Many community college athletes have aspirations to continue their careers at the Division 1 level. As we get under way with the 2015-16 seasons there are many new freshman athletes beginning on that journey. But before starting that new page in their career they had to first make the adjustment of being a high school recruit to becoming a college athlete. Three of Allen’s student athletes who are competing this fall shared about their experiences adjusting from high school to college athletics.
Andi Dowell — Volleyball
Andi Dowell is one of our freshman volleyball players from Sterling, Kansas. Transitioning to college volleyball, she said it is a much more intense and competitive atmosphere. Starting from preseason conditioning to regular season games, everything is kicked up a notch. The opponents are better all-around athletes and prove to be tougher competition on a consistent basis.
The biggest difference Dowell has noticed from adjusting to college is work ethic. “Every day you have to work hard,” she said. “There is a lot more competition on the team. You have to fight for a spot.”
Robbie Sellman — Golf
This year the Red Devils golf team is full of freshman. One of those new faces is Robbie Sellman from Humboldt, Kansas. He said some differences in adjusting from high school golf to college golf are that the courses are a lot longer with tee boxes set farther back than when he competed in high school.
Also, depending on how some tournaments are set up, they can be longer or played throughout a two-day period. Unlike high school where it is normally set up as 18 holes in one day, college tournaments can be 18 holes on back-to-back days, or even 36 holes one day and 18 the next.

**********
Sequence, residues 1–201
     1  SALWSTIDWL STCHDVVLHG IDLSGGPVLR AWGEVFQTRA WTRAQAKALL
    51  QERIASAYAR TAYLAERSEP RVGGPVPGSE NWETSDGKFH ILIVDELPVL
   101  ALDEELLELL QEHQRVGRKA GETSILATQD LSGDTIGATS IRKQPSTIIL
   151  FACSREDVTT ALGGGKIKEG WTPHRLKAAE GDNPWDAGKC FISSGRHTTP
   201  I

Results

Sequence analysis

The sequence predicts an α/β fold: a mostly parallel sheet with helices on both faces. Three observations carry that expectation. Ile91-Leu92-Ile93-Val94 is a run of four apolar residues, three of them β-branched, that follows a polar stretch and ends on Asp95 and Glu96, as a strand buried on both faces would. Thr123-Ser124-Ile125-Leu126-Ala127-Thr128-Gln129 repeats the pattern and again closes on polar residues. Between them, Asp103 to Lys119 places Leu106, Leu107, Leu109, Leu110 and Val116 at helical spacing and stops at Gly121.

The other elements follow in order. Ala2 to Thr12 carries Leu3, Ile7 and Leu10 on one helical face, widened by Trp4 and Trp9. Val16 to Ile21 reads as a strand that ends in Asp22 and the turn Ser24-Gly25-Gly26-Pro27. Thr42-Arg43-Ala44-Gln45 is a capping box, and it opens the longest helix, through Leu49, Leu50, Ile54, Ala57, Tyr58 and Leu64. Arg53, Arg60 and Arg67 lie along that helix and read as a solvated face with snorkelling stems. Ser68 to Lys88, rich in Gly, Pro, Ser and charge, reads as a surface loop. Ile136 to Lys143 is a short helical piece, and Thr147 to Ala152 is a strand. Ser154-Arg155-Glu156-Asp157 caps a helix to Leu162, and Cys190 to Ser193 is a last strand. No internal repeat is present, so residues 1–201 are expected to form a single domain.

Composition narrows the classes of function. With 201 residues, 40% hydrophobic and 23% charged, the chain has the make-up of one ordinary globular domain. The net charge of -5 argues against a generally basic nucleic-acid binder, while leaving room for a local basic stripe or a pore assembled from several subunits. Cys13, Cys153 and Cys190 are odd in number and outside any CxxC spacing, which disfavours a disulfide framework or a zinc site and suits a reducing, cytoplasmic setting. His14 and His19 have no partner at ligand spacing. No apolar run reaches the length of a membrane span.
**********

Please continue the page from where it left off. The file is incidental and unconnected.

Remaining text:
“Having to mentally prepare for two days and staying focused day to day is one of the biggest adjustments to the college level,” Sellman said.
Another major change in college is the coach being able to walk with players to give them advice on the course. In high school there are only certain times a coach can talk to golfers throughout a round, and having a coach more available is very useful to the players.
Shekinah Flores — Women’s Soccer
The Women’s Red Devil soccer team is off to another impressive season and one new addition to this year’s team is freshman Shekinah Flores, Wichita. She said that overall the game is much more fast paced and physical at the collegiate level. The preseason was difficult and started with fitness testing and conditioning. The coaching and practices are more intense and players are expected to always be moving around and constantly communicating on the field.
“At first I was a little nervous, not knowing what to expect,” she conceded, but she is making the adjustment to the college level. “I would have to say (it’s) more physical and always staying active and moving when switching the point of attack.”
After hearing some of our freshmen athletes’ experiences, the most common change with college athletes seems to be adjusting to the faster pace and mental approach to games and practices. The jump from high school to collegiate athletics can be overwhelming at first, but all agree that developing a good work ethic and staying mentally prepared will help with transition to collegiate athletics.